History and Features

1As you approach the village of Maryhill, you will notice the spire of the historic St. Boniface Church perched upon the highest hill in the vicinity. It has served as a beacon to guide travellers by horse drawn carriage or modern day automobiles to their destination for almost 150 years.

The land surrounding the church was purchased in the 1820's by a group of Alsatian families, who wished to establish a Catholic community far away from the turmoil in their homeland, along the disputed French German border. Within a decade, the German speaking settlers had turned large tracts of land into fertile fields and had established a church and a school in the hamlet, first known as Rottenburg.

In time, the growing village would boast such amenities such as a blacksmith shop, brewery, cobbler, cooper, and tailor...

2The Maryhill Inn, formerly known as the St. Boniface Hotel (named after St. Boniface, "the apostle of Germany"), was built in 1850 as one of the three crossroads hotels. The Inn operated as a stagecoach stop on the road between Guelph and Waterloo for 70 years, carrying mail and welcoming passengers until 1921.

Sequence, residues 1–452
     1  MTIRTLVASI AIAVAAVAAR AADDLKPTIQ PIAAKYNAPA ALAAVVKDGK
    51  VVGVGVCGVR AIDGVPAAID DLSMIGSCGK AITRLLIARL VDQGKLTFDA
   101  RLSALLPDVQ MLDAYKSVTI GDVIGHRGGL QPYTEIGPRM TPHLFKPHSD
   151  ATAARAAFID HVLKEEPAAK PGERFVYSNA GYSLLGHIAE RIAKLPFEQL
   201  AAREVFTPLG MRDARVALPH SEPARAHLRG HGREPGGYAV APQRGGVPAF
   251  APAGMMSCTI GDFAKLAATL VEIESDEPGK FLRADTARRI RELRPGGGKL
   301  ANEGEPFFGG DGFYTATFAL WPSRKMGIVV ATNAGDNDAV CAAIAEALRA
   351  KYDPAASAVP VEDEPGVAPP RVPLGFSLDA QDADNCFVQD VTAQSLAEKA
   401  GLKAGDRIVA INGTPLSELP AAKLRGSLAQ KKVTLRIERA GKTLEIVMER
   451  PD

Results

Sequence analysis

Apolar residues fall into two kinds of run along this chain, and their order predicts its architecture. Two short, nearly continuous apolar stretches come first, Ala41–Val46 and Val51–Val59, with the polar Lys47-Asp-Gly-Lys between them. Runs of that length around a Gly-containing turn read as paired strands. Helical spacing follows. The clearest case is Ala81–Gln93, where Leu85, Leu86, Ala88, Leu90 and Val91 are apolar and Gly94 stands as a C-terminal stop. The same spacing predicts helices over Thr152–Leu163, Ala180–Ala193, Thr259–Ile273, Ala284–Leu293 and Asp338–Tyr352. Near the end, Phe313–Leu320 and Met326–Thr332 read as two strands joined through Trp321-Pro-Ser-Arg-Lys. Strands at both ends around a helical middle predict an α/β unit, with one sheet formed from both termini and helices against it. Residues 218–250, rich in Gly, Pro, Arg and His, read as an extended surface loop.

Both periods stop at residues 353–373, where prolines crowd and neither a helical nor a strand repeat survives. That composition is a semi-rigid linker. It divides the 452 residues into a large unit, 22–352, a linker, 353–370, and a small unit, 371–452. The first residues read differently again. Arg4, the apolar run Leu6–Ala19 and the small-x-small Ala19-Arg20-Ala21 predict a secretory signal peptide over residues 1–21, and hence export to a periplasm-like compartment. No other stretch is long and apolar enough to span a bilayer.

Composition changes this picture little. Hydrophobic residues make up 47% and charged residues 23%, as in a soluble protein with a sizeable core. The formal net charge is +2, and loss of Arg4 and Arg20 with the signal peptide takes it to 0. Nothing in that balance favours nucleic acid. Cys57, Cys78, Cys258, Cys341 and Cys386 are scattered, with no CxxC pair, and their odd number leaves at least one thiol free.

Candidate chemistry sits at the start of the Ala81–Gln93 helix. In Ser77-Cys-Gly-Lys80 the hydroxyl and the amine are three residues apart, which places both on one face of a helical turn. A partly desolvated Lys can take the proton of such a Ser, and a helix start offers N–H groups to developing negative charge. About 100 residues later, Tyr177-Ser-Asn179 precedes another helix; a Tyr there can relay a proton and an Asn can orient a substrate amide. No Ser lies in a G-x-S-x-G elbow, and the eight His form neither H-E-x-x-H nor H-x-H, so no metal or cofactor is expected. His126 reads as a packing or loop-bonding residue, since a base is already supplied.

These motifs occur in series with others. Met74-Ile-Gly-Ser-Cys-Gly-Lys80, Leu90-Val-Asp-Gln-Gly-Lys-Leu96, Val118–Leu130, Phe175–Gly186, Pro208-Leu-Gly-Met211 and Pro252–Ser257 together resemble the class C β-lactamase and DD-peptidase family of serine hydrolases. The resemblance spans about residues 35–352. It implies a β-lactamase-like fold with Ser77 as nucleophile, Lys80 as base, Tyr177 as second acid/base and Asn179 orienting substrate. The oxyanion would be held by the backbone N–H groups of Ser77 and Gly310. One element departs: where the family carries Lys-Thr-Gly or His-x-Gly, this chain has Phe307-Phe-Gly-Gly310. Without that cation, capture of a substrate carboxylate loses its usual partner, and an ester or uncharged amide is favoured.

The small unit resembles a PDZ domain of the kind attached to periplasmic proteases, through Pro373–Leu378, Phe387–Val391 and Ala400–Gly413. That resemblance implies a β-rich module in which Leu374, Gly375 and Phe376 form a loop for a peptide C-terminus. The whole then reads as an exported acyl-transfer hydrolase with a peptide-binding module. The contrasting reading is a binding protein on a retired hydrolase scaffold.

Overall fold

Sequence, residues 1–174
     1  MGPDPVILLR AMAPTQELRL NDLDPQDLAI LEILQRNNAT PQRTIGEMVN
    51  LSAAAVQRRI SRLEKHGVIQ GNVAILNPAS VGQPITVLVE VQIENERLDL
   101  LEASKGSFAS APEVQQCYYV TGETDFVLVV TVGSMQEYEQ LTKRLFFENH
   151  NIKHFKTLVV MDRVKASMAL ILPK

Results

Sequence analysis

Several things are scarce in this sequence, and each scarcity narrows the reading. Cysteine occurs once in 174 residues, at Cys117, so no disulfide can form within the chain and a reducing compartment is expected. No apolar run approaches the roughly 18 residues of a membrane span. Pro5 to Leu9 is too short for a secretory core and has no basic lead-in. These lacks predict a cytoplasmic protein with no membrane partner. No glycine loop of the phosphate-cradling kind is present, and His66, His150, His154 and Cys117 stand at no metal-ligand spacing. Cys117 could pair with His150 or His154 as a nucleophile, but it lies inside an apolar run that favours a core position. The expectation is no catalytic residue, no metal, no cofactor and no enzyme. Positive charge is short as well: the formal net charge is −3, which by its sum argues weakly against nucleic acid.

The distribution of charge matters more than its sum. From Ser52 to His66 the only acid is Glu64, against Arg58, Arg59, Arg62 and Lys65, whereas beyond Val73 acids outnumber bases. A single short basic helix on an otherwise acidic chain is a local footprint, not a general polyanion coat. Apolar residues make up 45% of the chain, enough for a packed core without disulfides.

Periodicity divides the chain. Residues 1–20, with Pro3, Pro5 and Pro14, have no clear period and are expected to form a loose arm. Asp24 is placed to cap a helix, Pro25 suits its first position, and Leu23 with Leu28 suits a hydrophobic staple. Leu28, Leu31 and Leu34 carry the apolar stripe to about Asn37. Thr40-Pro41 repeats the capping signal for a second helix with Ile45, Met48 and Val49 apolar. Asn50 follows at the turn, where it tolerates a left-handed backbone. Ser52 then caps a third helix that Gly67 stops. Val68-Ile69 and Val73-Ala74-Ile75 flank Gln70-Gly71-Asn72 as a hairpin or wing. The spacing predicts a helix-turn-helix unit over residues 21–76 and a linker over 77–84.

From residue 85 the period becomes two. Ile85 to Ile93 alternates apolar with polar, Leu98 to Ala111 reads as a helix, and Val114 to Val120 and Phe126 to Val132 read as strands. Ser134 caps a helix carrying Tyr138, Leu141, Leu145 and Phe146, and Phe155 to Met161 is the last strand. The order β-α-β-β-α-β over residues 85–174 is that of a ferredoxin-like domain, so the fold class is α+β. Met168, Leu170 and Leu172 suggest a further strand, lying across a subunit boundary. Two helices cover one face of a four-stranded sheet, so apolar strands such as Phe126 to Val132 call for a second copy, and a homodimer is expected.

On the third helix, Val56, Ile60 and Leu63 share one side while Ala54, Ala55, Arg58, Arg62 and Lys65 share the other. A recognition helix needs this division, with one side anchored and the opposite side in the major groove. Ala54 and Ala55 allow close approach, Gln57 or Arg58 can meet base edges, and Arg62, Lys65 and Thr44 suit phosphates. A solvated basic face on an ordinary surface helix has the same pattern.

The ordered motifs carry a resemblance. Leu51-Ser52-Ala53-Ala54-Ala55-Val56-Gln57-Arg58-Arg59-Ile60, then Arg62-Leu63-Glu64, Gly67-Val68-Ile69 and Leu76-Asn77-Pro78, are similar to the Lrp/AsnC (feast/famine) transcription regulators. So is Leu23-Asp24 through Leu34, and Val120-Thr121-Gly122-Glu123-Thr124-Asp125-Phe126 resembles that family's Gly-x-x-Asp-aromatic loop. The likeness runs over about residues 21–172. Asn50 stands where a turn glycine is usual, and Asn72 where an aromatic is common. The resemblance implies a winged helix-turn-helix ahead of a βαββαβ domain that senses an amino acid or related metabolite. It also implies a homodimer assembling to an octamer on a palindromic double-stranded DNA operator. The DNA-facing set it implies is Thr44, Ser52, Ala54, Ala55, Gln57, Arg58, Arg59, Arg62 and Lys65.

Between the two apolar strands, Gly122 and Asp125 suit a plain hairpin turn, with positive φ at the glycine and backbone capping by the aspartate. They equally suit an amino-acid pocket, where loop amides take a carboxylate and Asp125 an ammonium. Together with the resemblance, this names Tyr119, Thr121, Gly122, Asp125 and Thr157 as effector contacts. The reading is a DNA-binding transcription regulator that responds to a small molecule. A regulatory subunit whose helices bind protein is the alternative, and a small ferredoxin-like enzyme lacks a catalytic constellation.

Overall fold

The Inn was constructed using the post and beam method popular in Europe at that time. The hand-hewn posts and beams are held together by pegs rather than nails. The thick walls are filled with cement and river rocks. As you can imagine, this made for a very solid construction that has withstood the test of time.

The property was purchased by the former innkeepers, Jack and Anita Vossepoel, in August of 2000. A labour of love began at that time that has excavated the beauty of this historic inn. Wherever you turn, you will see expert craftsmanship and great attention to detail, as well as an uncompromising determination to create the Inn's distinctive luxury.  Current innkeepers, Julian and Darla Penzendorfer, are pleased to offer hospitality in a luxurious setting.


This door, handcrafted in Maryhill, circa 1830, features several distinctive handcarved patterns such as lozenges, intricate panels, an endless chain, and other elements of continental German design.